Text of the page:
Chord Electronics announces Ultima, its ‘most accomplished’ amplifier yet

Chord Electronics has launched a new flagship amplifier, comprising a preamp and two mono power amplifiers (all £30,000 each) and featuring the first all-new design in three decades. 

The Ultima’s technology is originally based on a technical paper by Dr Malcolm J Hawksford (emeritus professor at Essex University) that was later refined by Bob Cordell of Bell Labs, and has been developed and advanced by Chord Electronics’ owner and chief designer John Franks. 

The Ultima preamp utilises dual-mono construction with separate power supplies for each channel. Each power supply is surrounded by aluminium shielding to prevent interference, as is the volume, balance and EQ controls.

Connectivity includes three pairs of balanced outputs and three unbalanced outputs as well as four balanced (with gain adjustment) and four unbalanced inputs. There’s also a  front-panel headphone jacks, and balanced AV bypass circuitry allows for direct connection to AV processors. 

The mono amplifier uses new circuit topology - the first completely new design since the company supplied its first customer, the BBC, in 1989.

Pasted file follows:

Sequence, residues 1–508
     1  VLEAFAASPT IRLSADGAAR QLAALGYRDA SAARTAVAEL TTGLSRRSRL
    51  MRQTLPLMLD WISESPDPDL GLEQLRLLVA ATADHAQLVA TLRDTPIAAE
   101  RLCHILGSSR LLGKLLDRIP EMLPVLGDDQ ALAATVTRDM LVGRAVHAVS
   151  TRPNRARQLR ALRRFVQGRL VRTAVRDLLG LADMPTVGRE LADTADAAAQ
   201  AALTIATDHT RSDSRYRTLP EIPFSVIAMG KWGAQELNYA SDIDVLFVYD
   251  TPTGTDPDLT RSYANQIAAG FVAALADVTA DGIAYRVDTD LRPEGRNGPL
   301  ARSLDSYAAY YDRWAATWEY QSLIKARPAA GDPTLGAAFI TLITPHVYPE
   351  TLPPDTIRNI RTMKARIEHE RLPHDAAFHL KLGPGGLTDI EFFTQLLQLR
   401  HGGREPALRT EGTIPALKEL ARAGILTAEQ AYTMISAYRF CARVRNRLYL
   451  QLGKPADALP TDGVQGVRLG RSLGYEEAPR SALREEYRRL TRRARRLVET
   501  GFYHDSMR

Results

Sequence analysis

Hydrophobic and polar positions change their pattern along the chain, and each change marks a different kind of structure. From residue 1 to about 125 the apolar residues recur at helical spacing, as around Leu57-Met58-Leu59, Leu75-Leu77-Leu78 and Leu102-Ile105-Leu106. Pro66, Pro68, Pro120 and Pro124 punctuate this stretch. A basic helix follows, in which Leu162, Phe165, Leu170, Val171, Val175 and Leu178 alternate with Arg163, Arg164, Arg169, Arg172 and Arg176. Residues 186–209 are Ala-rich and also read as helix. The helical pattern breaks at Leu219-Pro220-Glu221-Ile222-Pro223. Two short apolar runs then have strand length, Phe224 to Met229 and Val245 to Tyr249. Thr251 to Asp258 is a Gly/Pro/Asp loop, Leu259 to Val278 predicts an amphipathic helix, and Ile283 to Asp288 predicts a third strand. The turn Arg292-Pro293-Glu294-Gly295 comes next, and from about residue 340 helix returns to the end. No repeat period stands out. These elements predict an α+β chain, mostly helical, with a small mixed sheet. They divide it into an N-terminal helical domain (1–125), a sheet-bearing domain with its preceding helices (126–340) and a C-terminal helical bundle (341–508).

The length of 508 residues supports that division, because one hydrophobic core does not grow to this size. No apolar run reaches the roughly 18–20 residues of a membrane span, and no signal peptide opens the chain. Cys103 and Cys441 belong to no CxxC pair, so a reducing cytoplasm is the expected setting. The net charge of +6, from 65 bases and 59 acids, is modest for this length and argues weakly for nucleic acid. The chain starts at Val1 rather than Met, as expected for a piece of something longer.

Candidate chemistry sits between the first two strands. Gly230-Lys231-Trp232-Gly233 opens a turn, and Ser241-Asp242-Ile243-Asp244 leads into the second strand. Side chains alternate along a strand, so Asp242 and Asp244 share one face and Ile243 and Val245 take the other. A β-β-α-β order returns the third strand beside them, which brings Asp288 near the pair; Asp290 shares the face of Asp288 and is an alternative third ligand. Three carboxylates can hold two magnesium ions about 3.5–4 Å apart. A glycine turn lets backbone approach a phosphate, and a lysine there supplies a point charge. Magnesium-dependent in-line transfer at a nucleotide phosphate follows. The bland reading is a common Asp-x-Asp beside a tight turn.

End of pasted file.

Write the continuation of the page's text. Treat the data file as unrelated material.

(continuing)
Chord’s new dual-feed-forward error-correction amplifier technology was first implemented in the Etude power amp that the company launched at the Munich High End Show, and has now been incorporated into a mono design. Chord Electronics’ MOSFETs (transistors) are continuously monitored with output stage error-correction circuitry.

Each 86kg mono amp delivers 780 watts into 8 ohms (or 1,400 watts into 4 ohms or 2,500 watts into 2 ohms).

A seven-day hand-built job at the company’s Kent factory, its aircraft-grade aluminium casework features an Integra Leg system, allowing for stacking with other full-size Chord Electronics products, such as the Dave DAC, when used with a dedicated Chord stand.

Both the Ultima preamp and Ultima mono amps cost £30,000 each and are available now.

Becky Roberts

Becky is the managing editor of What Hi-Fi? and, since her recent move to Melbourne, also the editor of Australian Hi-Fi magazine. During her 10 years in the hi-fi industry, she has been fortunate enough to travel the world to report on the biggest and most exciting brands in hi-fi and consumer tech (and has had the jetlag and hangovers to remember them by). In her spare time, Becky can often be found running, watching Liverpool FC and horror movies, and hunting for gluten-free cake.